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Protesters calling for a ceasefire in Gaza disrupt Denver City Council, again

City councilman says he was told to die after the council rejected a ceasefire proclamation Monday night
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Posted at 6:14 PM, Feb 13, 2024
and last updated 2024-02-13 20:22:54-05

DENVER — As the war between Israel and Hamas continues in Gaza, the conflict has become a heavy topic of discussion and debate in places one might not expect.

Over the last few months, city councils in Colorado and throughout the country have been considering proclamations regarding the war.

Some of the proclamations express unequivocal support for Israel. Other proclamations are more nuanced and express support for civilians on both sides of the conflict, while also calling for a ceasefire.

In Denver, hundreds of protesters filled the halls of the city-county building Monday night, as council members of Colorado’s largest city considered a ceasefire proclamation of their own.

But the meeting quickly descended into chaos.

“We've been in session for seven months and we've had three of these disruptions,” said Denver City Councilman Darrell Watson, who represents District 9. “Last night was not a demonstration of democracy. It was a demonstration of anarchy. And we can't have that.”

The proclamation would have been sent to national leaders, including members of Colorado’s congressional delegation.

“A ceasefire should not be controversial,” said Abdullah Elagha, an organizer with the Colorado Palestine Coalition. “A ceasefire is the only humanitarian action left to us right now.”

Elagha says he has lost dozens of family members in Gaza over the past four months.

“It's very clear that civilians are the target of this war and this war must end as soon as possible,” said Elagha.

But throughout the night some protesters kept interrupting council members and members of the public who did not support the proclamation.

“The idea that there is only one truth, and you must support or listen to that truth and not allow for differences of opinions, that's the breakdown of our democracy. That's the breakdown of what we were elected to do,” said Watson, a more moderate member of the council who voted against the proclamation.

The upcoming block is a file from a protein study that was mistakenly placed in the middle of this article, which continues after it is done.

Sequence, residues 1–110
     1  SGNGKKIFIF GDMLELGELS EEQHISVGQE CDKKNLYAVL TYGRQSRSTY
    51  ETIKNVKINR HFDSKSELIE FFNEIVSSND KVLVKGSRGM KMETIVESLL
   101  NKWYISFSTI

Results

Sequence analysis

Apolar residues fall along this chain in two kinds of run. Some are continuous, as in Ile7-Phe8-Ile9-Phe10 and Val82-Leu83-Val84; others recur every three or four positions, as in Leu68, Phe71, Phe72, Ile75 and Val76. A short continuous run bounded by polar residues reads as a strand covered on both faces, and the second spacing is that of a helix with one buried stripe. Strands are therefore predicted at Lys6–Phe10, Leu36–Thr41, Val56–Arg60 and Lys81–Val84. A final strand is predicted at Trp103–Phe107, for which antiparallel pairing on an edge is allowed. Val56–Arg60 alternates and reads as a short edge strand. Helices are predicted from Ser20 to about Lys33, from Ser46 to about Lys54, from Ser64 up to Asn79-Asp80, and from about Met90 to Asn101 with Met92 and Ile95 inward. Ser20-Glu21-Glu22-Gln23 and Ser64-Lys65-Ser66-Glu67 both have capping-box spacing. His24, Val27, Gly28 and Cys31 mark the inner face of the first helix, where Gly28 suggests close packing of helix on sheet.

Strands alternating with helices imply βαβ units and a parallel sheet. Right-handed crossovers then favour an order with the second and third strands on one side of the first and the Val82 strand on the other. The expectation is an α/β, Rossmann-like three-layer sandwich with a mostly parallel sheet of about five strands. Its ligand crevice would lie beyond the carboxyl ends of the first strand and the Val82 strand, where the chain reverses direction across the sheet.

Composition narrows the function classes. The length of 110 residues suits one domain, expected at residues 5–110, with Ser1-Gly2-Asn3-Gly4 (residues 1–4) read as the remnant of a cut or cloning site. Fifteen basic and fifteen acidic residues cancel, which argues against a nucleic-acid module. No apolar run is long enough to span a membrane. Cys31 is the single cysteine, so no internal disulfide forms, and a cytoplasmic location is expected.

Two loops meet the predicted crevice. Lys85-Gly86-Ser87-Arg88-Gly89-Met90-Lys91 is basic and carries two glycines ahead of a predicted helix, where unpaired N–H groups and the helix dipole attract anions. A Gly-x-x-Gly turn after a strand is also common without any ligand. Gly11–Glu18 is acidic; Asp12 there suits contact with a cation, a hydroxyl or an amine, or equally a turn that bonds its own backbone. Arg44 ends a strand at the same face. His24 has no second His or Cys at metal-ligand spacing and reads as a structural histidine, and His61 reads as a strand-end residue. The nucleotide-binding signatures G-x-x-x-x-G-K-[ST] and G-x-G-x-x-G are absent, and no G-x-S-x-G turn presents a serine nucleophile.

Protesters calling for a ceasefire in Gaza disrupt Denver City Council, again

He says the behavior of the crowd grew worse as the night went on.

He says not only did he become a target, but so did other voices in the community.

“Someone said I should die,” Watson said. “But my point is folks are saying that against other community members as well.”

As the disruptions continued, the council recessed and moved the meeting online, where they were able to finish their work.

On Tuesday, council members discussed what happened during their weekly mayor-council meeting.

Council members said Monday night’s meeting was the latest example of how politics has become extremely divisive.

“This is not just a Denver thing. This is not just a city thing. The division sowed in our country has been happening over many years,” said Denver City Council President Jamie Torres, who supported the proclamation.

Council members agreed all voices should be heard during meetings.

“I will not be bullied, I will not be silenced,” Watson told Denver7.

Councilwoman Sarah Parady, a progressive member of the council and one of the sponsors of the ceasefire proclamation, says threats are never okay.

"Darrell, you should never experience people threatening you in that way,” Parady said to Watson. “And I'm sorry that happened to you last night in particular.”

But Parady said it’s important for council members, as elected officials who have been given power, to listen to citizens, even if it’s uncomfortable.

"I'm not going to expect that every person that comes into our council chamber is going to be able to speak in a calm and eloquent way. People can't always do that when they're angry and when they're hurting about something,” Parady said.

The Denver City Council rejected the ceasefire proclamation by a vote of 8 to 4.

But Denver wasn’t the only area city council that was disrupted on Monday.

In Lakewood, a man calling into the council meeting remotely during a public comment session launched into an antisemitic tirade.

Several council members walked out of the chamber in disgust.

On Tuesday, the city and mayor issued a statement, condemning the remarks.

“I was horrified to hear the awful and disgusting comments provided during one of our public comment periods. I worked as best I could to curtail this organized effort to disrupt our meeting,” said Lakewood Mayor Wendi Strom. “I will continue to do everything I can to make everyone feel safe in our community and during our meetings while also balancing residents’ ability to provide public comment.”

Ensuring everyone attending meetings feels safe while allowing public comments is a growing challenge for city councils as the war half a world away continues.

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